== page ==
Estimating the Return to College Selectivity over the Career Using Administrative Earnings Data
We estimate the monetary return to attending a highly selective college using the College and Beyond (C&B) Survey linked to Detailed Earnings Records from the Social Security Administration (SSA). This paper extends earlier work by Dale and Krueger (2002) that examined the relationship between the college that students attended in 1976 and the earnings they self-reported reported in 1995 on the C&B follow-up survey. In this analysis, we use administrative earnings data to estimate the return to various measures of college selectivity for a more recent cohort of students: those who entered college in 1989. We also estimate the return to college selectivity for the 1976 cohort of students, but over a longer time horizon (from 1983 through 2007) using administrative data.
We find that the return to college selectivity is sizeable for both cohorts in regression models that control for variables commonly observed by researchers, such as student high school GPA and SAT scores. However, when we adjust for unobserved student ability by controlling for the average SAT score of the colleges that students applied to, our estimates of the return to college selectivity fall substantially and are generally indistinguishable from zero. There were notable exceptions for certain subgroups. For black and Hispanic students and for students who come from less-educated families (in terms of their parents' education), the estimates of the return to college selectivity remain large, even in models that adjust for unobserved student characteristics.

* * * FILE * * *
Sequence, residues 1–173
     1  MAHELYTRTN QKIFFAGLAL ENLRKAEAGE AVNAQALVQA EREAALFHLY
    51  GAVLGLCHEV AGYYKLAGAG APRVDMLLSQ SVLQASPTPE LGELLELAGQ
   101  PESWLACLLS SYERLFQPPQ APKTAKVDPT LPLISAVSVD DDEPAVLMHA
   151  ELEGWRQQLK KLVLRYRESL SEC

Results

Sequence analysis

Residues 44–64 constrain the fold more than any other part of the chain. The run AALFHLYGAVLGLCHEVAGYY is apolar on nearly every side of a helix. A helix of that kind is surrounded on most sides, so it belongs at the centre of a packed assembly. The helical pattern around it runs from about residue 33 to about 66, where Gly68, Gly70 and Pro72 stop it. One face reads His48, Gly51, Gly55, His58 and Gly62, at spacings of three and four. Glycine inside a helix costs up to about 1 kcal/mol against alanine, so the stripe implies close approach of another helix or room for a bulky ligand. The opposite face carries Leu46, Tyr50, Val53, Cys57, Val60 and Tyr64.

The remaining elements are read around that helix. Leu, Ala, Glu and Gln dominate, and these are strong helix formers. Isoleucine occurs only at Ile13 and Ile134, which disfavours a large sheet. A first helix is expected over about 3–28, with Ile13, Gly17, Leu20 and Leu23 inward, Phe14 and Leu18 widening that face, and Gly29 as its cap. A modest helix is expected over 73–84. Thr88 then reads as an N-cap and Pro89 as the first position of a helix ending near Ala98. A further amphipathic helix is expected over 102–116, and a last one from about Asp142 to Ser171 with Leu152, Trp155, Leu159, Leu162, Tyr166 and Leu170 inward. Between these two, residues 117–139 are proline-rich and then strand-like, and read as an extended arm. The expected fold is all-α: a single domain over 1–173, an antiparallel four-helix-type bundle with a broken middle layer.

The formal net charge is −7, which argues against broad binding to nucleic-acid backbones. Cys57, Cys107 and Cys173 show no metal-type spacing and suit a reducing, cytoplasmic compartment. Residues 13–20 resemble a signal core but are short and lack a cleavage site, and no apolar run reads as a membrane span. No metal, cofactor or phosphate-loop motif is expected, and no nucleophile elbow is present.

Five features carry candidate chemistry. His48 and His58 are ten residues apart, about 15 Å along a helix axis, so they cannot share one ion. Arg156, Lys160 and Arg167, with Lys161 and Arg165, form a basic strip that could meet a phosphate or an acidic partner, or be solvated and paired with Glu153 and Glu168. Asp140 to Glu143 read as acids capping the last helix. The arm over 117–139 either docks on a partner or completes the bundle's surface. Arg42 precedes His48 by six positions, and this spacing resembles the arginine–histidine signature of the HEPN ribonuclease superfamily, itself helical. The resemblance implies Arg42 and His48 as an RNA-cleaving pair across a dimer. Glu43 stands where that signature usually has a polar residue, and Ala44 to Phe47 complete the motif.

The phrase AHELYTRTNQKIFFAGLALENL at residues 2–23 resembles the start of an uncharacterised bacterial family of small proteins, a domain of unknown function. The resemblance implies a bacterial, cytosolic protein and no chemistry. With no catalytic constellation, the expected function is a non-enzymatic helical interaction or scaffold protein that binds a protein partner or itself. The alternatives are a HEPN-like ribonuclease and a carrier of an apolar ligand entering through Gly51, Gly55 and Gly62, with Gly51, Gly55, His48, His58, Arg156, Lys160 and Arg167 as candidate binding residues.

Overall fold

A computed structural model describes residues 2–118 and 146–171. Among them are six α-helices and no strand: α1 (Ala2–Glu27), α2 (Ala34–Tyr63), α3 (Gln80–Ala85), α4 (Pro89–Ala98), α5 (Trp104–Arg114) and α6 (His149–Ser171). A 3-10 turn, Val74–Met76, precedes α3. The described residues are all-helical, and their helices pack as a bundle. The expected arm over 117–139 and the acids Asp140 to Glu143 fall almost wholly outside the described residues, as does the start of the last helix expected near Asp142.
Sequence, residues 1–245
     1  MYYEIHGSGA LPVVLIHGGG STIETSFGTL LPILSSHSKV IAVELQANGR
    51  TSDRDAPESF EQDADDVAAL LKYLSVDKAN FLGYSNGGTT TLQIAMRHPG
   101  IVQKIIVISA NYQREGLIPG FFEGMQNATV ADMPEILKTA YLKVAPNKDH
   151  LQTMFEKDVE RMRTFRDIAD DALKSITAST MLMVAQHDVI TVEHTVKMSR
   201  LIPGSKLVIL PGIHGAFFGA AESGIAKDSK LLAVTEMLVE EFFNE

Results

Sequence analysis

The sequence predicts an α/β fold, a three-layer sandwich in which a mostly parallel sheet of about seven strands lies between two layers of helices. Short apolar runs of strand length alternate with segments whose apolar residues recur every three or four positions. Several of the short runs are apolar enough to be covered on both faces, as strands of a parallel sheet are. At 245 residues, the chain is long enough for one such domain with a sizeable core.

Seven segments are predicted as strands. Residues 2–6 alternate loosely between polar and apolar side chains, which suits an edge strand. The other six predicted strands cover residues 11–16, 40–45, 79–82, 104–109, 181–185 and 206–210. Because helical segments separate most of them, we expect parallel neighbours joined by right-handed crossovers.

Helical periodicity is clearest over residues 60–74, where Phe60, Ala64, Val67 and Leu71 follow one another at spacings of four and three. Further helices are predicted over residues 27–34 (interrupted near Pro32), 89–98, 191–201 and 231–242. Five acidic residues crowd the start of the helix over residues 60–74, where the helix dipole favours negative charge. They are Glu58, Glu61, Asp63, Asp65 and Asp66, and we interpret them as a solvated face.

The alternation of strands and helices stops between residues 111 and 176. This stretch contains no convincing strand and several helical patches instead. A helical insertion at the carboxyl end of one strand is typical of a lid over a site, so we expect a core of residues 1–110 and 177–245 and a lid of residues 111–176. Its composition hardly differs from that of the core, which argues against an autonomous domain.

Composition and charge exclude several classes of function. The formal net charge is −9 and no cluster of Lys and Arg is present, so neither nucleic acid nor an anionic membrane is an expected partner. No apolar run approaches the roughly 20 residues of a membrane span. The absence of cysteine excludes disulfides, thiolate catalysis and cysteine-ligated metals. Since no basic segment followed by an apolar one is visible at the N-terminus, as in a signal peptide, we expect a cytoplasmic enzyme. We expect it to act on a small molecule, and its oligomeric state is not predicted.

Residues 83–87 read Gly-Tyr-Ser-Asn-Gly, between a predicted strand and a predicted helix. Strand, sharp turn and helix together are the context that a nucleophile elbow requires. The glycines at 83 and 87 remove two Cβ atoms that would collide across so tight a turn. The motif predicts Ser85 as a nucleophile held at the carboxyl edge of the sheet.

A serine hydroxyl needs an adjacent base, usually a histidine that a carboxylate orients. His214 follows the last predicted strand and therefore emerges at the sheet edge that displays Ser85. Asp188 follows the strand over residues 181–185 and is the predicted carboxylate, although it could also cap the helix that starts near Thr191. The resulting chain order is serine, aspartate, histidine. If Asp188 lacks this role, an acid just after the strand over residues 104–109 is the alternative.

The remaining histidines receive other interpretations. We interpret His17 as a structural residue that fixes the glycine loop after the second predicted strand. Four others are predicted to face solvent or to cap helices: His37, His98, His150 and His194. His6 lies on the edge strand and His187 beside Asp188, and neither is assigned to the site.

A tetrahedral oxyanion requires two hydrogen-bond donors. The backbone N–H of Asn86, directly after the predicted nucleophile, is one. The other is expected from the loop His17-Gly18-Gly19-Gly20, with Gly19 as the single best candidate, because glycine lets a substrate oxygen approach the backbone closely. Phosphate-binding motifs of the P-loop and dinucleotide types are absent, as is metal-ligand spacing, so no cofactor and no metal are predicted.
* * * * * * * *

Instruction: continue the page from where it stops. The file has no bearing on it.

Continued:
We thank the Mellon Foundation for financial support, Ed Freeland for obtaining permission of the colleges that are included in our study, Matthew Jacobus and Licia Gaber Baylis for skilled computer programming support, Mike Risha of SSA for tirelessly running our computer programs and for merging the C&B data with administrative earnings records, Lawrence Katz, Sarah Turner, and Mark Dynarski for helpful comments on an earlier draft, and Mark Long for providing data on college SAT scores. The views expressed herein are those of the authors and do not necessarily reflect the views of the National Bureau of Economic Research.
“Estimating the Return to College Selectivity of the Career Using Administrative Earning Data,” (with Stacy Dale), forthcoming in Journal of Human Resources Spring 2014, vol. 49, no. 2, pp. 323-358